Last year, Christy held a roundtable for the Red Wings bloggers to chime in on different developments in the off-season and other upcoming storylines for the season. Each day a blogger will "host" the discussion at their natural habitat and as many of us as possible will try to answer the questions--gets a bit hard with vacations, school, jobs, etc.
The way it essentially works is I'll ask a question and then the participants answer each question. Let's go ahead and dive right in to it. Oh, and Day 2 will be hosted by George Malik over at Snapshots. We'll link each post here as a fanshot on the main page.
(Note: No answers from Chief from A2Y or Petrella/Discher from TPL)
Focus: The Central Division
1. One of the biggest stories so far this off-season has been the shedding of players left and right for the Blackhawks in order to fit under the salary cap. Does the amount of change they've endured (and still have to) take them out of the driver's seat of the division or are the '09-'10 Stanley Cup winners the top of the division until they're unseated?
George Malik (Snapshots):The Blackhawks essentially lost their secondary scoring and depth forwards up front, as well as a starting goalie who very well could have been a one-season wonder. They're replacing their secondary scorers with up-and-coming youngsters and their goalie with a motivated veteran who isn't necessarily past his prime, and they kept their top line-and-a-half's worth of forwards and all their puck-moving defensemen. That being said, what they don't have is exactly what the Wings lost due to the salary cap, only a bit more extreme--they have no depth. If injuries strike anywhere, the Hawks' margin for error makes the 2009-2010 Wings team look deep, and while their top line-and-a-half's worth of forwards and top four defenders are elite, if a couple of the Hossas and Hjalmarssons get hurt, especially given their lack of cap space, even after dumping Huet, they're in for a world of hurt.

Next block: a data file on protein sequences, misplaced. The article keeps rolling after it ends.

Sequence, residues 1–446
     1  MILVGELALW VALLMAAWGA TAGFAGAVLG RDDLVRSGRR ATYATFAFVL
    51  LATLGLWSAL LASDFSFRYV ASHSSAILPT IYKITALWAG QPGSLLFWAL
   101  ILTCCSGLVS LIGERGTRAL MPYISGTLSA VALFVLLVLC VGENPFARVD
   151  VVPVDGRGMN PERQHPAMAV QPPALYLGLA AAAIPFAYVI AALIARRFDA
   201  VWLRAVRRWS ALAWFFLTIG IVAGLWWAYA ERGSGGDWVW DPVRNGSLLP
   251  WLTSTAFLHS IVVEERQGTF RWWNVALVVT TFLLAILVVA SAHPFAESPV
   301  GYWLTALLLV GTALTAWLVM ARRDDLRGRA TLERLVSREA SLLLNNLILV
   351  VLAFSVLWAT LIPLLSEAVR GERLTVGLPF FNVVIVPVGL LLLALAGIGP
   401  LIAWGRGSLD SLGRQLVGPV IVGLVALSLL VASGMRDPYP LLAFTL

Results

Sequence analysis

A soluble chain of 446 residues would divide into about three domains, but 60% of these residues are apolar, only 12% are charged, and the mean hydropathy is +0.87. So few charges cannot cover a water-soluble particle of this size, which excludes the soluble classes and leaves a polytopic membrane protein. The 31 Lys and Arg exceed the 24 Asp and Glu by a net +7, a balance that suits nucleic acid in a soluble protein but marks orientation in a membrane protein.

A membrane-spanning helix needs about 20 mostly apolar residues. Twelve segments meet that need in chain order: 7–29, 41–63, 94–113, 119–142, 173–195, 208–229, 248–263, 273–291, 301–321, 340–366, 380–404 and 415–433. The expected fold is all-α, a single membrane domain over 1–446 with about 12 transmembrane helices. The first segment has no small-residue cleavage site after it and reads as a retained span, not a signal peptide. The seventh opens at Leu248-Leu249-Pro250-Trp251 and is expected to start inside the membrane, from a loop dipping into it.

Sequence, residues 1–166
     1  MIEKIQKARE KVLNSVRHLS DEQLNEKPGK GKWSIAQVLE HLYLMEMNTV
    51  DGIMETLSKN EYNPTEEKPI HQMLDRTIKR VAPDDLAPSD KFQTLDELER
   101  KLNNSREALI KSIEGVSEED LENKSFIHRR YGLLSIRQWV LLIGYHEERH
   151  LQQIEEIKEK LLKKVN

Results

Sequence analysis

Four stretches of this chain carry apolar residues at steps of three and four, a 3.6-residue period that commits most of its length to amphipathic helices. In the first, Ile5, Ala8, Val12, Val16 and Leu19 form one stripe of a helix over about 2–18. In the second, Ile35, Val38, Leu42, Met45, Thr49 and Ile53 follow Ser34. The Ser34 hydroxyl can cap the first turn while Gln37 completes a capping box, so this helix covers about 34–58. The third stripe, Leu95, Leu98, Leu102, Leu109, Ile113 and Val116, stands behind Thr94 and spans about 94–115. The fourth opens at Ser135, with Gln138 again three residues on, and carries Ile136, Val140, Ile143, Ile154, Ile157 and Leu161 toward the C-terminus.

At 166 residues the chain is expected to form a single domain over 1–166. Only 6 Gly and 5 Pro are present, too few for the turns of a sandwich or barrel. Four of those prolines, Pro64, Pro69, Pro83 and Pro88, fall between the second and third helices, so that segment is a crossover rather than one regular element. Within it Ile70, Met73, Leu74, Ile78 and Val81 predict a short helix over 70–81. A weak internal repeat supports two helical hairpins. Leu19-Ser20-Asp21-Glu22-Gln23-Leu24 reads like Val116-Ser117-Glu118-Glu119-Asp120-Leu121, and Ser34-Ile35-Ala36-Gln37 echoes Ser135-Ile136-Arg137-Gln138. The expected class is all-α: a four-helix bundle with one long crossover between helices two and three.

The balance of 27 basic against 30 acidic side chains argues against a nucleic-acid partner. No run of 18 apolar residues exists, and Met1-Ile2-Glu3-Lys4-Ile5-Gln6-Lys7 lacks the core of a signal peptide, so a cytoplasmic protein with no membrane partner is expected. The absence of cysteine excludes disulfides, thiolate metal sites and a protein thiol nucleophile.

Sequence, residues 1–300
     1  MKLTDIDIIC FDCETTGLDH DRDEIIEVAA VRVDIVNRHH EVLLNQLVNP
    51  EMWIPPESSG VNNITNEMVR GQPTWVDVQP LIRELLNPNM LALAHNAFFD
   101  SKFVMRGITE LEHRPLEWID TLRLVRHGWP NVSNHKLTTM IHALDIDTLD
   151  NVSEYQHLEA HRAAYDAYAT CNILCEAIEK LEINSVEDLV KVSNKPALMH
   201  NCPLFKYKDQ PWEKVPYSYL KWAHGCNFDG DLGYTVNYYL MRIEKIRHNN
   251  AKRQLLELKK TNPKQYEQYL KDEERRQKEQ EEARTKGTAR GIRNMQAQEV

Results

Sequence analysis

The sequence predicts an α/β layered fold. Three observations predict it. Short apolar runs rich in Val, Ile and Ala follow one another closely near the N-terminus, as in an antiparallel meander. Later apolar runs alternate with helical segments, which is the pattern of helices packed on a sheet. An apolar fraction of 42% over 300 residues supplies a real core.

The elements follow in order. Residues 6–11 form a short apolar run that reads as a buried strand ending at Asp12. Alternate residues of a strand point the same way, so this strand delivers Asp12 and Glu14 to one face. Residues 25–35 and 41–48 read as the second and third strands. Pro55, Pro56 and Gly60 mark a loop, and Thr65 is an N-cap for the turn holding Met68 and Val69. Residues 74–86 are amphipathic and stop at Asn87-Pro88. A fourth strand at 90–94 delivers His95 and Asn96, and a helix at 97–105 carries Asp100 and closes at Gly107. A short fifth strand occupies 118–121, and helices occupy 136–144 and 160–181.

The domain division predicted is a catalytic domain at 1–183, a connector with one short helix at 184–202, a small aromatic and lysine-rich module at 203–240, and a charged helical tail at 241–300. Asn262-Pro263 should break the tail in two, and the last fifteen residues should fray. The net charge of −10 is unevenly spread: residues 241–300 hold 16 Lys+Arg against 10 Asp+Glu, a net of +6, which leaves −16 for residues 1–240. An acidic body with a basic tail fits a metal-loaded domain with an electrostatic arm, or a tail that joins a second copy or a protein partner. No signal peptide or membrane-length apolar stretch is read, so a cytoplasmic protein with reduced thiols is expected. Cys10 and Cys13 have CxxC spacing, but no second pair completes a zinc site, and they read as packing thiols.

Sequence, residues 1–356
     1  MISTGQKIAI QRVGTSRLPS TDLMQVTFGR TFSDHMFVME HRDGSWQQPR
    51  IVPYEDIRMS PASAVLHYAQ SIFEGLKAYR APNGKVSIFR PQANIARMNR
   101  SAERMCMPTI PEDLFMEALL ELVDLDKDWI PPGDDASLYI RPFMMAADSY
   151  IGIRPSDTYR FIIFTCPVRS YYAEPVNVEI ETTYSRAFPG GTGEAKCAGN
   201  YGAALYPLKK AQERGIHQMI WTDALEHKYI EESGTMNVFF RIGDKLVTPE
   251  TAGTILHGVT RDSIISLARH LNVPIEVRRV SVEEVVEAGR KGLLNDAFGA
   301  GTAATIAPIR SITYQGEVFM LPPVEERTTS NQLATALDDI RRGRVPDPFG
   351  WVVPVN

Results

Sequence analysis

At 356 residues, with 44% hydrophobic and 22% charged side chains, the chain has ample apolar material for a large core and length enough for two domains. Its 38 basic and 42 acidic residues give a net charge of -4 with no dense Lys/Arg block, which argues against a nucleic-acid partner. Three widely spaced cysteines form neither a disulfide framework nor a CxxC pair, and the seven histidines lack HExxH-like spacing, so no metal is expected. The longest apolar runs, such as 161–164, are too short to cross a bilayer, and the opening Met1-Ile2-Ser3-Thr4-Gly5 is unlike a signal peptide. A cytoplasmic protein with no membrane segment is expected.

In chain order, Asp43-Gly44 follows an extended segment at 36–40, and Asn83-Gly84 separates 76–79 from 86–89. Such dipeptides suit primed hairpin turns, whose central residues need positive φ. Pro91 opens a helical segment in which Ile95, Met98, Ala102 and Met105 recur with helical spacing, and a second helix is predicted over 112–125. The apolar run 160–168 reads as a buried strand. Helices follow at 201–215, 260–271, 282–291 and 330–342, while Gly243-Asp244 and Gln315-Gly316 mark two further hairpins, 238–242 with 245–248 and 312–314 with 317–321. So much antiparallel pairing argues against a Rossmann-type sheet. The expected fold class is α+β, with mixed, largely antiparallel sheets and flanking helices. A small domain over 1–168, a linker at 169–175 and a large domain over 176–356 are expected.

It's gonna be a dogfight given the Hawks' self-confidence more than anything, but the Wings, barring another season's worth of catastrophic injuries, will return to the top of the division because we have three scoring lines with Modano and six defensemen you don't have to worry about thanks to Salei's addition, and there's no way in hell that Osgood could possibly repeat his horrible 09-10 season, so Howard should earn some honest relief.
Tyler Deveraux (The Triple Deke): The way things stand right now, we'd have to endure another nightmare regular season to not win the division. Although, as funny as it has been this summer to watch the Hawks shedding cap weight, I don't think they fall any lower than 3rd place. Right now I'm thinking they'll finish 8-10 points behind the Wings for 2nd. It's always hard to guess the psyche of a defending champion, whether they're going to let up or cling to their spot on top of the mountain, but I'm betting it's something closer to the latter.
Matt Saler (On the Wings): The Hawks still have a good enough core of players to be competitive, but I don't think first place is a foregone conclusion like it was before too far into last season. A lot depends on the bit players they've brought in, as the top players can't carry them all the way. If the bottom half of their roster can't meet the needs of an NHL team, they're in trouble. If they play competently, I think Chicago's out of the driver's seat, but in the car. Barring another injury-plagued season for the Wings, Chicago should be able to compete for second place in the division.
Kyle Kujawa (Babcock's Death Stare): I think they're absolutely out of the running for contenders. I really put them in the mix with Nashville and St. Louis for 2nd in the division -- I really think a healthy Detroit should come out on top. Even more though they're still talented, losing that kind of depth hurts. Detroit essentially lost their entire second line all last season and it showed. You feel secure because you kept your stars, but you don't realize that the players who come out when the stars aren't on the ice just aren't up to snuff. Adding to that, they replaced their goaltending (though I was never sold on Niemi) with the (aging) model of inconsistency. Not to mention the Cup hangover does exist, and it hits young teams worst of all. Honestly, when I see season previews that put them in the midst of the contenders, I just assume they're doing the Hawks a courtesy -- they'll make the playoffs, and depending on how weak the Central is they may even comfortably take the 4th seed, but there's just no way they contend with the top three, which is Detroit, San Jose, and Vancouver in that order.